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user8610659 wrote:Oracle DB better reports reality than you.
I am getting "sqlnet message from client" in top 5 wait events and sql*net trace .We are getting waiting for SQL*Net message from client for a huge number of sessions with huge total waits. From session level sql tracing (using sys.dbms_system.SET_SQL_TRACE_IN_SESSION(SID,SERIAL#,TRUE) we figured that the whole query took 7 to 8 Hours to complete. But in trace we see query executed within 10 to 12 minutes and after that it was showing waiting for SQL*Net message from client till next 7 hours.
idle_session_time out creates lots of issue. So, can anyone suggest some useful tip from db/application/network side?
Oracle DB can NOT control what happens at the client & can only report what actually occurs.
If client issues SQL & then goes home, Oracle will patiently wait for the next SQL.
What you report is normal & expected behavior & does NOT indicate any problem that needs to be fixed.
From session level sql tracing (using sys.dbms_system.SET_SQL_TRACE_IN_SESSION(SID,SERIAL#,TRUE) we figured that the whole query took 7 to 8 Hours to complete. But in >trace we see query executed within 10 to 12 minutes and after that it was showing waiting for SQL*Net message from client till next 7 hours.It means that after your query was finished, you session sat idle untill you loged ou this session or you disabled session trace. This wait event is not a database side processing time. You can just open a session with database and you will see this wait event in action because this is "idle wait".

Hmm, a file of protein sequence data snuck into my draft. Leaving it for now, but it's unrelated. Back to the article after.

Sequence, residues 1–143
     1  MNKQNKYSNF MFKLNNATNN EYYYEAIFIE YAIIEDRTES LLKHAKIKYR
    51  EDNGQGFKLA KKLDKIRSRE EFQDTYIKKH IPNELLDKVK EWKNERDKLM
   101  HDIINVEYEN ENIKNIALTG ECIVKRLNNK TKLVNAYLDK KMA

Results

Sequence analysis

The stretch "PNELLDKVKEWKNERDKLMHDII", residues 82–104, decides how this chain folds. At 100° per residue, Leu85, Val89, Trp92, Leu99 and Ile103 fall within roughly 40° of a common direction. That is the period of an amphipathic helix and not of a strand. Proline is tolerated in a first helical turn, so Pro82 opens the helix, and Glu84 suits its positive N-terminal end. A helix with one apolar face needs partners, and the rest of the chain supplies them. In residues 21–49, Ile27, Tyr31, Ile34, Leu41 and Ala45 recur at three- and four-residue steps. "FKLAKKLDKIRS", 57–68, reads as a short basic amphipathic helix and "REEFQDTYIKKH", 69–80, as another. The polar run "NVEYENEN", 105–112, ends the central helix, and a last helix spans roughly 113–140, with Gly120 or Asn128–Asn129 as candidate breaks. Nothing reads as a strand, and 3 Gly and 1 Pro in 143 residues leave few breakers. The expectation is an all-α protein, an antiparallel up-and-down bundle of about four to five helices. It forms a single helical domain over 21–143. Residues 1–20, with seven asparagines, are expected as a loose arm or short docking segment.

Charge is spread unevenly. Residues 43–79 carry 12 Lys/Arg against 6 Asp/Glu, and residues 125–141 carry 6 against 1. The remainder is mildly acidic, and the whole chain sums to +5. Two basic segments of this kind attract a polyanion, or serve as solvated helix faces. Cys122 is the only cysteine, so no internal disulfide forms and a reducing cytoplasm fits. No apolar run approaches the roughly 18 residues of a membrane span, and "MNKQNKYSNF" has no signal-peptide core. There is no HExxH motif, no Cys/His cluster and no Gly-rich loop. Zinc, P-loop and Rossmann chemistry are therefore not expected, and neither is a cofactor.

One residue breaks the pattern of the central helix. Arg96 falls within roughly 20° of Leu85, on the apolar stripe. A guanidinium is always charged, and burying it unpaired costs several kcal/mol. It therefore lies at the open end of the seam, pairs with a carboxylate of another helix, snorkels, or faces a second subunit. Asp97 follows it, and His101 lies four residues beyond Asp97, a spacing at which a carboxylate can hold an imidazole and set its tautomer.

To add to the existing explanations - there are major differences between stateful client-server and stateless client-server.
In stateless client-server (typical web browser client and web server), each and every client request is treated as a brand new client request and session.
The server sees all these requests as unique and isolated and dedicated client requests. There is no single client session for that browser on the web server. If the web server needs a cookie from the client, it is going to ask for that cookie with each client request. It does not remember that it already asked and received a cookie from that client with its previous request. Each request is a brand new client request. The web server does not keep and maintain client state.
Database client-server is stateful. The database do keep client state - there exist a client session. The client initiates that session with the server. The client can then issue (in sequence) requests to the server. 100s of 1000s of requests after one another using the same session. With the server responding to these requests - and maintaining session state for that client session (e.g. what the client's state is fetching a 100 rows at a time, via fetch requests, from a million row table).
As session state exists, and as multiple requests can be issues within that session, the server sees periods between client requests as idle time. Client runs a SQL. Server services it. It waits (idle) for the next request.
This does not happen in stateless client-server as each request is a brand new "session" that only exists for the duration of that request. The web server therefore does not see idle clients. The stateful database sever does see idle clients - sessions that are not at the moment active as the client is busy doing something (or waiting for user input) and the client has no request to give to the server to process.
And this idle time of the server is in Oracle seen as waiting for SQL*Net messages (requests) from the client.
Not only not unusual - it is expected. A standard feature and standard behaviour of stateful client-server.